U.S. ethanol stakeholder organizations are less than thrilled that Brazil’s tariff-rate quota (TRQ) has been extended now for another 90 days, but they are hopeful continued discussions will lead to a resumed free trade situation with that country.
“The Renewable Fuels Association, U.S. Grains Council, Growth Energy, and the National Corn Growers Association believe the 90-day extension of the TRQ serves neither Brazil’s consumers nor the Brazilian government’s own decarbonization goals, especially while Brazil’s ethanol producers continue to be afforded virtually tariff-free access to the U.S. market. The extension falls during Brazil’s annual inter-harvest period when U.S. ethanol exports to Brazil are traditionally low, causing greater uncertainty for U.S. exporters looking to make selling decisions now for the traditionally higher Brazilian demand in the winter months. While the Brazilian ethanol market has not been fully reopened to imports, we appreciate the continued support and efforts of the U.S. government as we use this 90-day period to aggressively pursue an open and mutually beneficial ethanol trading relationship with Brazil.
“The U.S. ethanol industry actively sought, through repeated dialogue with local industry and government, to illustrate the negative impacts of tariffs on Brazilian consumers and the Brazilian government’s own decarbonization goals. However, it seems Brazil’s government has left its own consumers to pay the price through higher fuel costs once again. While we would have preferred Brazil abandon its ethanol import tariffs entirely and resume its free trade posture on ethanol, which it held for several years before the TRQ, we view its decision to temporarily extend the TRQ on ethanol at the current level as an opportunity to continue discussions toward that end.”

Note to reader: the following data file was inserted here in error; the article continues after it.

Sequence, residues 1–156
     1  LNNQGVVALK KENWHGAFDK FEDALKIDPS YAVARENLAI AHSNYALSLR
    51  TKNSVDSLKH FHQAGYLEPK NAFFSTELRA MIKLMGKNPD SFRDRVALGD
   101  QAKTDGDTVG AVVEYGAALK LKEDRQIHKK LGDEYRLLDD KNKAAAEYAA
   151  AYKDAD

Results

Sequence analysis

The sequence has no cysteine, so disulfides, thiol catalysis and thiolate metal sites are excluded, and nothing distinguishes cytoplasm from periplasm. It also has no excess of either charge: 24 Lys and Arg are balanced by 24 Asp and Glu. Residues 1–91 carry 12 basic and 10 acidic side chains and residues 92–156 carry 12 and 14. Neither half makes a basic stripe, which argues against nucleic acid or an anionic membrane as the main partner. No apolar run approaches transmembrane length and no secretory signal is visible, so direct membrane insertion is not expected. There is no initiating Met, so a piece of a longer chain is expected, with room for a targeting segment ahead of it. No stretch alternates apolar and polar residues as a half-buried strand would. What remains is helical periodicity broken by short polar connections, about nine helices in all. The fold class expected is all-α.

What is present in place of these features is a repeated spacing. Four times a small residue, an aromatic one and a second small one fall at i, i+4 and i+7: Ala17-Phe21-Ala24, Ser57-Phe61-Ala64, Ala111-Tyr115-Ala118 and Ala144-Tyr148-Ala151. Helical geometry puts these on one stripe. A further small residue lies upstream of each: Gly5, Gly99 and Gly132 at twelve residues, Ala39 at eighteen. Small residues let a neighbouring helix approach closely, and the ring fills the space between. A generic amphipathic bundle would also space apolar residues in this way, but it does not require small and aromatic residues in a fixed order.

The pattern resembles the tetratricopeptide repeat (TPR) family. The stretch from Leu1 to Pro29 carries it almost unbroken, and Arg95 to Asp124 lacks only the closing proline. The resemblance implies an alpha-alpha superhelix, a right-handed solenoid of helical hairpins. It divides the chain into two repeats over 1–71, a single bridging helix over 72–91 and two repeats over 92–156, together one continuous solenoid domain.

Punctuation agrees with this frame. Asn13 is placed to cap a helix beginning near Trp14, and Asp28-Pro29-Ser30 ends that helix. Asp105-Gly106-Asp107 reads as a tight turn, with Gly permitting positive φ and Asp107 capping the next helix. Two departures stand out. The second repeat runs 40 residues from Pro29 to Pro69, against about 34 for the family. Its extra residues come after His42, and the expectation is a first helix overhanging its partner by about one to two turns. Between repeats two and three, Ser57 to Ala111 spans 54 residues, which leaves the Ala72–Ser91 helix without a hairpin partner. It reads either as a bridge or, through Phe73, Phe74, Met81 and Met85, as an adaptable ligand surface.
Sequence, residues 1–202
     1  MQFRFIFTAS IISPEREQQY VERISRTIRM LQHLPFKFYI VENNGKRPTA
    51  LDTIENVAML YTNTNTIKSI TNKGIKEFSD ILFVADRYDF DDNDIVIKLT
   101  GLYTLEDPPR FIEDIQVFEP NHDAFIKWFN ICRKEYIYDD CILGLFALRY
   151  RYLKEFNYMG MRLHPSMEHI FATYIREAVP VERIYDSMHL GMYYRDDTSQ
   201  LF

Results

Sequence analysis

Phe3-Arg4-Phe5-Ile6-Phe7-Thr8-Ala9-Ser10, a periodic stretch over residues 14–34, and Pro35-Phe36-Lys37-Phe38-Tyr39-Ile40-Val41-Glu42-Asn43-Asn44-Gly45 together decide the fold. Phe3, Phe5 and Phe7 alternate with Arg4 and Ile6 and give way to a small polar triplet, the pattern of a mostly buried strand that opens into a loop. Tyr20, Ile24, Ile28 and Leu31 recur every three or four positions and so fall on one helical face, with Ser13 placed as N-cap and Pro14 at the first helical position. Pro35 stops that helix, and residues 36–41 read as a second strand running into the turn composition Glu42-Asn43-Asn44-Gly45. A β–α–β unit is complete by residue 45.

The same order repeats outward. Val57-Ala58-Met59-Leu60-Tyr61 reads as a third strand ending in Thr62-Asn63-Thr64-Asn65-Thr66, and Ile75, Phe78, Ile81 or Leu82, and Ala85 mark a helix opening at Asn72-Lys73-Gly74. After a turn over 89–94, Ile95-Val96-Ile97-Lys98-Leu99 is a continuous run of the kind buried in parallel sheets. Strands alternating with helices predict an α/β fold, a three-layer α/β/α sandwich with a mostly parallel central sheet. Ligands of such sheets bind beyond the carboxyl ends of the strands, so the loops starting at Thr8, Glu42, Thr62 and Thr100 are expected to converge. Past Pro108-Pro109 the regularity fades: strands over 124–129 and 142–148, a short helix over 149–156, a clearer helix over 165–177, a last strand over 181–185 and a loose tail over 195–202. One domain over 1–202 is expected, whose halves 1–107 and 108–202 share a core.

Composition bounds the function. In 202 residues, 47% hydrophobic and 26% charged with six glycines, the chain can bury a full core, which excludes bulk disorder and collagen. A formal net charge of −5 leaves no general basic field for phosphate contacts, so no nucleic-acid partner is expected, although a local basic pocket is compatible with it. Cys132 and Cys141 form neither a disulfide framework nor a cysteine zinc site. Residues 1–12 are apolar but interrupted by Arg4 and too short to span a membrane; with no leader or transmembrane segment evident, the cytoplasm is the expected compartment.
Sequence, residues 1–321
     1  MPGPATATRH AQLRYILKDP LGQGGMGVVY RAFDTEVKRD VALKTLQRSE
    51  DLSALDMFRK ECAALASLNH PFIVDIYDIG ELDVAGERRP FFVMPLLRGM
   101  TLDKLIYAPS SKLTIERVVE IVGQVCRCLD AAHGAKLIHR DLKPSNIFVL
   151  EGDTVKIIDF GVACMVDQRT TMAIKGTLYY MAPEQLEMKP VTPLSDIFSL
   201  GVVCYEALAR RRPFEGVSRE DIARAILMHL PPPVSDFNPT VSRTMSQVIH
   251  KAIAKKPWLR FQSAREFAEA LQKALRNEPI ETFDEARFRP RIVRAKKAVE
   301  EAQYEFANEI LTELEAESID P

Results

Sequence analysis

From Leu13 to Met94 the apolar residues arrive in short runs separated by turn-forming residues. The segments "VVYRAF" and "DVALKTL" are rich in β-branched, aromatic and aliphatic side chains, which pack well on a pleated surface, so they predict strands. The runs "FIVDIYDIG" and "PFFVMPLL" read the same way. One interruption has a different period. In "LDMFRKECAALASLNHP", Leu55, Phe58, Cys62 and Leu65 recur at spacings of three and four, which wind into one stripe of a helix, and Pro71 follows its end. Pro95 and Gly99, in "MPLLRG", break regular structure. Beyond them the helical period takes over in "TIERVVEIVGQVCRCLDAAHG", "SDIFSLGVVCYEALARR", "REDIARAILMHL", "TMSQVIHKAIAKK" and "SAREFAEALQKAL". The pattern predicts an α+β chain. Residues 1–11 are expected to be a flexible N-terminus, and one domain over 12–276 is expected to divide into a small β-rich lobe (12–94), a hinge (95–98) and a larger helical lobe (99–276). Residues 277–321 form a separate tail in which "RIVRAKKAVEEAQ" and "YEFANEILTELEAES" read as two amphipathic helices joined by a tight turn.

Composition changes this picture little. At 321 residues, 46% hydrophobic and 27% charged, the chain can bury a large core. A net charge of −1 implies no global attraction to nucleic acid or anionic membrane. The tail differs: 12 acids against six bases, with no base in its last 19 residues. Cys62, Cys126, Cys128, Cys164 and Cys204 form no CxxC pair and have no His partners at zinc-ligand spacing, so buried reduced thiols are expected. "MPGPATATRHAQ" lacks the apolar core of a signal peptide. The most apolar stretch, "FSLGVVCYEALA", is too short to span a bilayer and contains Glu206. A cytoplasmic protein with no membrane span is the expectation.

American Coalition for Ethanol (ACE) CEO Brian Jennings agrees. “While an extension is better than the flat 20 percent tariff on all U.S. exports, this merely kicks the can down the road past the election and can be added to the list of piling uncertainties facing our industry. We have been trying to restore demand at home and around the world and in a year like 2020, finding growth opportunities are of the utmost importance.” said Jennings. “The TRQ unnecessarily limits our export potential and we hope further negotiations will ultimately make it easier for producers to pursue free and fair trade for ethanol in the future.”